Step one for the aspiring masters or doctoral student is to attend the Graduate and Professional School Fair today from 11-2 p.m. in Hubbard Hall.
To students who don’t quite know what they want to do yet, TWU’s Interim Dean of Graduate School Dr. Holly Hansen- Thomas addressed: “For students who are considering grad school, they’re going to have an opportunity to speak one-on-one with, first, TWU faculty, and [next] people who know firsthand the ins and outs of their programs.” Hansen-Thomas also advised that students start researching their options as early as possible because sometimes it does take a while to figure out what career path will be the best fit.
Three current TWU graduate students, Informatics Masters of Science Tracy Stegmair, doctoral student Prepti Mody and Biology Masters of Science Danielle Steffey took time to share first-hand their journey to making their life goals a reality.
For Stegmair, grad school was always a dream, but there was never a program that quite fit her career in the Office of Institutional Research and Data Management, until this fall when the Masters of Science in Informatics program was launched at TWU. Now, in her 40s with two older children in high school, Stegmair has taken the step to learn more about her field of interest.
It won’t be an easy path for her, with her husband being a PhD student and professor at UNT, and her eldest son beginning college soon as well: “This may be a long master’s degree, I may have to skip from time to time. For me [the difficulty] is a matter of money; finding the money so I can go.” Stegmair graduated from TWU with her bachelor’s degree in Computer Science in 2002 and while there are benefits for faculty who are also in school, there is not a program for staff.
Mody shared her assuredness and passion for her trajectory: “For me grad school was a no brainer. I had gone to college in India, came here to get a second master’s at UTD and I came to TWU to get my doctorate because I love molecular biology. I live and breathe it, day and night. Plus my dad is a physician in India, and in my dad’s side of the family we have a lot of genetic disorders, autoimmune disorders.”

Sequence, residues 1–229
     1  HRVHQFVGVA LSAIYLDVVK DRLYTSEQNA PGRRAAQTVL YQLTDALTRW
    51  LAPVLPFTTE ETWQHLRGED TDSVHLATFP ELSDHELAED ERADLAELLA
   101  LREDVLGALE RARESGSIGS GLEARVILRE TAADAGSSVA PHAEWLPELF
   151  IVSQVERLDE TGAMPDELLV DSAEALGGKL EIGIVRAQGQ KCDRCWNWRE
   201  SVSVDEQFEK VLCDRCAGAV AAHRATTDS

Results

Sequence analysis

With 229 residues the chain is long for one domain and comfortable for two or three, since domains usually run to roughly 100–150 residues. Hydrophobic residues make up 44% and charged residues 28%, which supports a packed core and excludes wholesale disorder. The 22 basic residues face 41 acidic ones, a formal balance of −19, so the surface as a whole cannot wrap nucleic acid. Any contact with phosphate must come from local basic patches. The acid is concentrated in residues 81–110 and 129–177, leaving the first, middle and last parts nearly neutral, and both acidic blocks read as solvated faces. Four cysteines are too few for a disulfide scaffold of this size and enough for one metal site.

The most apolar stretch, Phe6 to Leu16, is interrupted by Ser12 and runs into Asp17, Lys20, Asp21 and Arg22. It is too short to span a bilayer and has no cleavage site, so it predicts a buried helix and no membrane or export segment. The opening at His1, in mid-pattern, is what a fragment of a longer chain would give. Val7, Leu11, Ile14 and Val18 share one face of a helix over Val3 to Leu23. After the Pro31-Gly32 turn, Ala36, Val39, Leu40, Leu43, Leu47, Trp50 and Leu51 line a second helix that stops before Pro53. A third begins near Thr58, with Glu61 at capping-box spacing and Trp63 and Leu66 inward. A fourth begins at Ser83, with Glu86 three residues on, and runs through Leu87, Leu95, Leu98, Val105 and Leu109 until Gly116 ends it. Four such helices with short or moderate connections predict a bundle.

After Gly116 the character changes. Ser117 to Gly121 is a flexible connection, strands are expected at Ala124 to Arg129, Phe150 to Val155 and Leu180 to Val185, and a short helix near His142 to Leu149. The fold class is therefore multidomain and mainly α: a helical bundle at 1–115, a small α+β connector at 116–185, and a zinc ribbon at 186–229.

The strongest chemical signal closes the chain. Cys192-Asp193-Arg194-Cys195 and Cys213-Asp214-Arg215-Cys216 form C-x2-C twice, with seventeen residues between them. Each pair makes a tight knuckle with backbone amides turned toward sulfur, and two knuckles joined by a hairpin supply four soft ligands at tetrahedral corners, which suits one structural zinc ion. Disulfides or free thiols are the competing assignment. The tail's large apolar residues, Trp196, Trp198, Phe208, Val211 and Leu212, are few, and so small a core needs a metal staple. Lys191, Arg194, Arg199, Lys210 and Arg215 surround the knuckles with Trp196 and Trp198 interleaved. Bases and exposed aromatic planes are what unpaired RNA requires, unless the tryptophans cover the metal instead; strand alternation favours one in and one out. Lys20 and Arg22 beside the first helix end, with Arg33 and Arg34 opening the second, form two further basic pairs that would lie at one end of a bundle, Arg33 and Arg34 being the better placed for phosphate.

Mody would eventually like to open up her own research lab and research autoimmune disorders. Her husband went to TWU before her and suggested the program when Mody was looking at which doctoral programs she wanted to get in to. Mody had applied to UT Southwestern twice and was not accepted even after working there three years, but it turned out well: “I’m happy that I’m here because I got something that I really enjoy working with, which is really important if you’re going for the long haul Ph.D.” Mody said she saw how students at UT Southwestern got burnt out and felt like the same would have happened to her had she gone there.
Steffey was on track to go to medical school as an undergraduate when she realized she wasn’t convinced that was what she wanted to do: “I decided I don’t really like the people aspect of Biology, I prefer more of the figuring out how to help people—I don’t want to be the one actually helping the people.” She shared that her undergraduate advisor was influential in directing her to the area of research. Steffey targeted programs that specialized in Microbiology. When it came time to schedule a visit at TWU, Steffey contacted Chair of the Biology Department Dr. Sarah McIntire who organized meetings for Steffey with other faculty members and advisors. “It was the most welcoming because none of the other schools kind of did that…they [Biology department] treated me like they wanted me to be there,” she shared
The most valuable resources students have, according to Mody, is their mentors and advisors, who teach them how to “think” and troubleshoot. Steffey said that the most important thing that grad schools look at is your personal statement, more so than your transcript because it tells admission staff why you want to be there. Stegmair and Mody both attest to the importance of essential and basic courses when you first start taking graduate level courses—to not become too complacent or overconfident in your own knowledge and ability.